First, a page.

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Canada's top soldier now says he will write a cheque to defray the cost of taking a VIP government jet to a Caribbean vacation if the Prime Minister's Office requests it.

This was a change of script for Chief of the Defence Staff General Walter Natynczyk, who used an infrequent scrum on Parliament Hill Monday to defend himself in a controversy over whether he's using Ottawa's executive jets too freely.

He'd previously said he didn't see any reason to reimburse Canadians for 21 flights he'd taken to pro sports events, fundraisers and – in one case – a family holiday in St. Martin.

The general offered up the repayment option Monday morning following a meeting with Prime Minister Stephen Harper, who had invited the senior officer to talk about the controversy.

"As the Prime Minister indicated, his office [is looking]at that trip … if the interpretation of the Treasury Board guidelines on this regard is incorrect, then I will reimburse as required," Gen. Natynczyk said. "If I have to pay for the ticket, then I will do that."

The general found himself out of step with critics last week over nearly $1.5-million in flights he'd taken on Challenger jets to attend Canadian Forces Appreciation Nights at NHL and CFL games, as well as military fundraisers and once to join a 2010 family vacation in the Caribbean.

Mr. Harper intervened in the matter Monday, rising to assure the House of Commons that his top soldier is aware of the rules governing use of the Challenger jets and will respect them.

"I have spoken to the Chief of the Defence Staff," Mr. Harper said. "He understands what those expectations are and is certainly prepared to live according to those rules. The Chief of the Defence Staff does fly very frequently on government business, but obviously where there are alternatives we will look into that usage."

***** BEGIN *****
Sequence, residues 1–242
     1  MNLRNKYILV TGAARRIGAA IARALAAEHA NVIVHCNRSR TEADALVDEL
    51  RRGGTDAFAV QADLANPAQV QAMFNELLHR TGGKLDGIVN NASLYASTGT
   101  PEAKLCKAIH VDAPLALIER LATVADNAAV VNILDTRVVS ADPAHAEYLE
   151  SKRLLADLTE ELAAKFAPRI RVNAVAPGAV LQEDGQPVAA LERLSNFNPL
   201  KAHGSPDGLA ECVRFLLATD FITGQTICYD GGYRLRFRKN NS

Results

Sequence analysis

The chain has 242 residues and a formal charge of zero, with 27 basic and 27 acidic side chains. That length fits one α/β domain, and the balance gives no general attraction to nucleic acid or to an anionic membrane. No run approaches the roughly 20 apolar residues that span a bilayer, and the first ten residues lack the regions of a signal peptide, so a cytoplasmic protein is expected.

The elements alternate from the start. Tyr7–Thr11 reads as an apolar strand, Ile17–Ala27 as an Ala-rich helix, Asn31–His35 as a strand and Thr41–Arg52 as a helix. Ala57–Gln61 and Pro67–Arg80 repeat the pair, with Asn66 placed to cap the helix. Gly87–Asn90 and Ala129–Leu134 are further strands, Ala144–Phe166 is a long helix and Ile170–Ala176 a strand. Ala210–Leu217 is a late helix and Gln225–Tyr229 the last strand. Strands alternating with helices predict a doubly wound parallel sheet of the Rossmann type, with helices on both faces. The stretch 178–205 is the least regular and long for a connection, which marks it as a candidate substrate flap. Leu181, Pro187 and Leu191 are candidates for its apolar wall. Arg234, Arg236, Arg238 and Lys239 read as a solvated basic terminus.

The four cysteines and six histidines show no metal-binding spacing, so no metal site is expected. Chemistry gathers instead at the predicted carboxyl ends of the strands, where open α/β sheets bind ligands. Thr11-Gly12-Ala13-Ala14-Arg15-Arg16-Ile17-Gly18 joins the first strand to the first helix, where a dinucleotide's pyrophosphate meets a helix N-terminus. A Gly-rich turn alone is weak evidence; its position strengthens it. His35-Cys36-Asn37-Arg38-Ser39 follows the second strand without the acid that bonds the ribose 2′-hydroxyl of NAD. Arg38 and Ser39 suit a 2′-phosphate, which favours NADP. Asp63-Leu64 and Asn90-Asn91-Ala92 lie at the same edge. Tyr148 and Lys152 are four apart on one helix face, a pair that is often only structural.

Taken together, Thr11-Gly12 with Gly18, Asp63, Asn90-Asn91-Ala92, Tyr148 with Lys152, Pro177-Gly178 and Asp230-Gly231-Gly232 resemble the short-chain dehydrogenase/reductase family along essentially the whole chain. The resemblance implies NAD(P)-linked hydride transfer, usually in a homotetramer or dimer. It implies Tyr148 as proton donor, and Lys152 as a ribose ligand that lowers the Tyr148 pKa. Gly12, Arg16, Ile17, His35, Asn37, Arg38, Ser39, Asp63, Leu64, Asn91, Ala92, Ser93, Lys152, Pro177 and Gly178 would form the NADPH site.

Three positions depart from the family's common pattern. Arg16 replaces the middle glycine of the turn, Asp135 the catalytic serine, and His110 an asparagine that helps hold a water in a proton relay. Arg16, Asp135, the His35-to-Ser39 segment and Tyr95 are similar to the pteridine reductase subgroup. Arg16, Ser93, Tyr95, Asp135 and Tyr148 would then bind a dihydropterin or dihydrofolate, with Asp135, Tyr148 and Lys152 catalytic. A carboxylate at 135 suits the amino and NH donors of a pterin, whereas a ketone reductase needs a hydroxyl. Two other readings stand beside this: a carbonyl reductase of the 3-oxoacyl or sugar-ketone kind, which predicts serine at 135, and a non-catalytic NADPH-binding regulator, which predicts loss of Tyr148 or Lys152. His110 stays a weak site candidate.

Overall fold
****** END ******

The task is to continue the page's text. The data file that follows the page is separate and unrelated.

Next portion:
Asked Monday if he would do anything differently, Gen. Natynczyk said he should have paid for the Caribbean flight himself and then sought reimbursement from the government.

The general said he took the executive jet on the government dime because he was trying to catch up with his family after the deaths of four soldiers had required him to delay vacation plans. He's also indicated he had Defence Minister Peter MacKay's blessing to take the Caribbean flight.

This January, 2010 jet flight to St. Martin cost taxpayers more than $92,000 if fixed expenses are included – such as a portion of the price tag of the plane and crew salaries – or $24,205 if only variable costs such as fuel, spare parts and maintenance are counted.

Gen. Natynczyk said all the other trips were made as part of his duties as Chief of the Defence Staff, adding he flies commercial where possible. He commands more than 103,000 soldiers.

"All the travel I do is commensurate with my responsibility as the Chief of the Defence Staff," he said. "Whenever I travel, my office travels with me."

The controversy comes at an awkward time for Gen. Natynczyk, who is supposed to be leading by example in chopping spending at the Forces – to help Ottawa tame the deficit by 2015.

The Department of National Defence is beset with infighting over how to cut. Asked if he thought the story came to light because foes at Defence are targeting him, the general replied that he is hard to faze. "I've been shot at in Sarajevo. I've been shot at in Baghdad," he said. "I've got some pretty tough skin."

NDP defence critic Jack Harris said Mr. MacKay should ultimately bear responsibility for the questionable usage of the jets. "I don't blame the general.  The general is flying these planes because he has them at his disposal."

Liberal defence critic John McKay said he thinks it's reasonable to criticize Gen. Natynczyk's Caribbean trip but otherwise said he had no quarrel with the flights.